We got jobs. You bagging the town’s groceries, me selling the town its milk and cigarettes. To our surprise, we made good employees. We showed up on time, picked up extra shifts, only dawdled a little when coming back from fifteen minute breaks. When kids tried to steal, we told them to scram and said we were going to call the police, but never did. Never even intended to. We had enough money now that we could always buy from Davis. It was convenient timing. It wasn’t long before Jared was busted and snitched on most of his clients. By that time he’d forgotten about us.
The Dungeons and Dragons petered out just a week or two before the party was going to fight Abraxas, the Unfathomable. None of us wanted to stop playing. Our Friday nights had just filled up. We had significant others or new friends or both. The adventuring party that had cut its way through legions of kobolds and rescued the town of Vanaheim from storm giants ended up being defeated by scheduling conflicts.
In the same way that Dungeons and Dragons fell apart slowly, mom moved out slowly. First she was just in a day program. Her newest psychologist said it was a good place for “people like her,” not specifying what that term meant. She still had no diagnosis. Or, rather she had so many different and conflicting diagnoses that they cancelled each other out. Before long, she was at the hospital almost every week day. And then she was spending some nights there too. And then one night we brought her toothbrush over so she wouldn’t have to borrow one. Then it was her copy of David Copperfield, then her orthopedic pillow. And as we kept bringing things, she kept saying that it’d be an ordeal to pack up all this stuff when she moved back into the house. I nodded and so did you. We didn’t believe it though. Even then I knew she wasn’t going to move back home in the same way I knew there wasn’t going to be another session of Dungeons and Dragons.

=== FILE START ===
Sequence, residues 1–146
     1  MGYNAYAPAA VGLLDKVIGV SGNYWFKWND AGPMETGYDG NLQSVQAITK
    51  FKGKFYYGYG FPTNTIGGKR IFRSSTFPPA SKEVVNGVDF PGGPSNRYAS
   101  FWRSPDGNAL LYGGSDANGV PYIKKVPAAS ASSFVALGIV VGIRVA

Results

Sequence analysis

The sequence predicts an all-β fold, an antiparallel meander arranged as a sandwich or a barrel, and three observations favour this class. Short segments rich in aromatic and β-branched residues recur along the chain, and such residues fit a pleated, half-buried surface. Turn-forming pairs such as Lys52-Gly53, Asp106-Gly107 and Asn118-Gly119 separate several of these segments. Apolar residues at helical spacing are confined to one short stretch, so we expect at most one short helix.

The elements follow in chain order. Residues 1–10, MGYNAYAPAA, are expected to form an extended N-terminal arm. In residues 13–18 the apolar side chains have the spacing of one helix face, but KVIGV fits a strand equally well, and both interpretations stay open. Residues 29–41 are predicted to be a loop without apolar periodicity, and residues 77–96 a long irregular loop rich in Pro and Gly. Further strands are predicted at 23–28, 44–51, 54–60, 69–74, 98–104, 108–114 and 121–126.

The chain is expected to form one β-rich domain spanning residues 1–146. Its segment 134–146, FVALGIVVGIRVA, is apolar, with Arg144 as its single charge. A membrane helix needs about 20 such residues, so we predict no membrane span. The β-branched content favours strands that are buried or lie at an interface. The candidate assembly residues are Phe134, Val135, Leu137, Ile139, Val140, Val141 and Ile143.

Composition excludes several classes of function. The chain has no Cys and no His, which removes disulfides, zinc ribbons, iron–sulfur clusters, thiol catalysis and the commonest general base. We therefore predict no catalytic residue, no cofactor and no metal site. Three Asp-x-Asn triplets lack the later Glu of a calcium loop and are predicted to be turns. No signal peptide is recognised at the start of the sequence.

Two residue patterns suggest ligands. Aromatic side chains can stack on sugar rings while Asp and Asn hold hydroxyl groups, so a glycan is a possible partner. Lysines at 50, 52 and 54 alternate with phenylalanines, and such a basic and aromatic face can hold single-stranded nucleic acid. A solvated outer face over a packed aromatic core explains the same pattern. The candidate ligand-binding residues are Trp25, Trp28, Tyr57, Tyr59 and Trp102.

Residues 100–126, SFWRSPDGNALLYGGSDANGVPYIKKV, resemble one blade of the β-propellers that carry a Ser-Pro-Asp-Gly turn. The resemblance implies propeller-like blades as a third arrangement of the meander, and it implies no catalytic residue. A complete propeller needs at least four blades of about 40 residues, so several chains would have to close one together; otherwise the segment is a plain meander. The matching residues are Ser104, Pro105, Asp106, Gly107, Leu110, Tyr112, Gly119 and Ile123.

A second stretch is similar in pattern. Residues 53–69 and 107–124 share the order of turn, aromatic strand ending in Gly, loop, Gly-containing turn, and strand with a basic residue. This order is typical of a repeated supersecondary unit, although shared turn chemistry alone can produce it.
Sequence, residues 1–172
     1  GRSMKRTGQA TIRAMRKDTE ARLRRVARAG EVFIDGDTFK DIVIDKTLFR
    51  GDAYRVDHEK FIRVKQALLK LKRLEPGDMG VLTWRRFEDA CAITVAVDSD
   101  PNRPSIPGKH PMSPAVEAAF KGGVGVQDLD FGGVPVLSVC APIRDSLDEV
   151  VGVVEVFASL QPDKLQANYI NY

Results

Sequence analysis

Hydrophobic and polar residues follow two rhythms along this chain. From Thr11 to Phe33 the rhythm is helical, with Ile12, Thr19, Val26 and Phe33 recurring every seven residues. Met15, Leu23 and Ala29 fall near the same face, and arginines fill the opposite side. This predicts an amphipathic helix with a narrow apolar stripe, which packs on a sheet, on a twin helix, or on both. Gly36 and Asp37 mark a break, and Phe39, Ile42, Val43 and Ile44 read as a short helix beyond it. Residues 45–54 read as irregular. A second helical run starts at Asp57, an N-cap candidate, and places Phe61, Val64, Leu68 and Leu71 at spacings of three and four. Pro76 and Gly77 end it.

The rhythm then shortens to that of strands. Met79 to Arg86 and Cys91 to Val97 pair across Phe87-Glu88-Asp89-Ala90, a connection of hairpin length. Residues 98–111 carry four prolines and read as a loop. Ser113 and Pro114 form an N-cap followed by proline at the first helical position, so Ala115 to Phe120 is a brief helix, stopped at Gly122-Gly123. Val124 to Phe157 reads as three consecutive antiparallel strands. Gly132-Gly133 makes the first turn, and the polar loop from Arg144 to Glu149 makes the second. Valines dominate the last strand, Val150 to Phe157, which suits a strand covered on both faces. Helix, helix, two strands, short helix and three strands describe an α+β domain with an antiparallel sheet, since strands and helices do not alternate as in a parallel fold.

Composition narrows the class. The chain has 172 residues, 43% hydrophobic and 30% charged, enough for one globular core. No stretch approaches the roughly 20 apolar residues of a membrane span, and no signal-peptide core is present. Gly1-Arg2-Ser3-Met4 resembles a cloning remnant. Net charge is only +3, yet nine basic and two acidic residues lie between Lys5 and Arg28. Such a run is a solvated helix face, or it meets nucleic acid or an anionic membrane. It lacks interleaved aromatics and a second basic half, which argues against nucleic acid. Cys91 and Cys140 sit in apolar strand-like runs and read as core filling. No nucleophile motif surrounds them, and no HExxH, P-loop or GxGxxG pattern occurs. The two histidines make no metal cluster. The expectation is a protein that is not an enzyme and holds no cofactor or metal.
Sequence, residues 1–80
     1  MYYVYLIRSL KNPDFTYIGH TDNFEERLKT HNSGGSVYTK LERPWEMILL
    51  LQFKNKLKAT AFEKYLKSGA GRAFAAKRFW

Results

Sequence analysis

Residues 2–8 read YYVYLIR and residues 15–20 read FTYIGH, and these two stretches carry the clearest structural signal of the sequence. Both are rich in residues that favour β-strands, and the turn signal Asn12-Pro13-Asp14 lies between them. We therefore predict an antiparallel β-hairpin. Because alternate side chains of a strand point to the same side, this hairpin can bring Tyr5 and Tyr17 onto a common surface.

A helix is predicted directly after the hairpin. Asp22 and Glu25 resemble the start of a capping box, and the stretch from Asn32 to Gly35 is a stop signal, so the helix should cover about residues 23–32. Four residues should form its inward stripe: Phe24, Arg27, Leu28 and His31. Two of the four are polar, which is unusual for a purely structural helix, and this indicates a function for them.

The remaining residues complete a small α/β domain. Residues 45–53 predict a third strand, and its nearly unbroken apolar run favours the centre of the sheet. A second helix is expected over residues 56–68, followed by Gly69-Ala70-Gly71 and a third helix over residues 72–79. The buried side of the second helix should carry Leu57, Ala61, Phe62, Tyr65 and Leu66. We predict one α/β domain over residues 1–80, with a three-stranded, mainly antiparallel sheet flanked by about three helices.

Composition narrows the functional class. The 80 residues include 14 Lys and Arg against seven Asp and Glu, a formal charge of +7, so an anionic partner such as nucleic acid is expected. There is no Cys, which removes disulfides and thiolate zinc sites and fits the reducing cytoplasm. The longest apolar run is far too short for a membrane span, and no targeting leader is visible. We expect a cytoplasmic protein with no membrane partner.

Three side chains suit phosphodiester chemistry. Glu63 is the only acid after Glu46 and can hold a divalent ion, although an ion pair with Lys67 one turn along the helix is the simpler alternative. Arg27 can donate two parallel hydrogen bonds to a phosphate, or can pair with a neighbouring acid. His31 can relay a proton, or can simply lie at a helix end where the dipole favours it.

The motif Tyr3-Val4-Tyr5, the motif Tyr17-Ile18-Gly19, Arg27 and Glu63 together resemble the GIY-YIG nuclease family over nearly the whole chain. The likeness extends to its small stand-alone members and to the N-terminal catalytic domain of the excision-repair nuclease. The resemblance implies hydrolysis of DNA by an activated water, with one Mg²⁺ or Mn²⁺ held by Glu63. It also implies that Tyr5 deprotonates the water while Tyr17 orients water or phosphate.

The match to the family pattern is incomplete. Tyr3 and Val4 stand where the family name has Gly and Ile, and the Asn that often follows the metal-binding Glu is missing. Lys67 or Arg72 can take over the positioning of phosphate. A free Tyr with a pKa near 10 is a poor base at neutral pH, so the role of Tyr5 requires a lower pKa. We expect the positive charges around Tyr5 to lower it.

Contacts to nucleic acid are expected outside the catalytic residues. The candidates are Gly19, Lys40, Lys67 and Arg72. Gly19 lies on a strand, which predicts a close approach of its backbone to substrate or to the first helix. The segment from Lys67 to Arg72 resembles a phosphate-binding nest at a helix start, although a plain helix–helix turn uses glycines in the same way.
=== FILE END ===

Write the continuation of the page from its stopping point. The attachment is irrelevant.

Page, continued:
And then it was colleges. You applied to in-state colleges to be close to mom. I applied to out of state colleges to be away from mom. We wrote our common app essays. Mine was about working in the grocery store, yours was about the time we got to meet Vin Diesel. I sent out a transcript with mostly A’s and some B’s and you sent one out with mostly B’s and some A’s. When we heard back, we were both happy.
Now that we’re getting ready to go off to college, you’ve started talking about us in middle school.
You say, “Man, we weren’t afraid of anything or anybody back then.”
I say that I disagree.
“What were we afraid of then?” you ask.
And I smile and say, “Us. The people we are right now. It’s the versions of us that have let our knees unscab and have forgotten how to catch crawdads in the creek. It’s the versions of us that pay money for candy bars instead of stealing them.The demonology and the spells and the sacrifices, that was our way of not being afraid. That was supposed to be our way of avoiding this.”
And you shrug and you look away because you don’t want it to be true. You don’t want us to have disappointed our former selves. And then you say something like, “We did get what we wanted, though. We wanted to get eaten alive right? Well, we did. We did get something to eat us. The D&D and our jobs and the weed and everything. That was the middle school versions of us getting chewed up.”
“But then what’s going to happen to the current versions of us once we go to college?”
“They’re gonna get chewed up too, if we’re lucky.”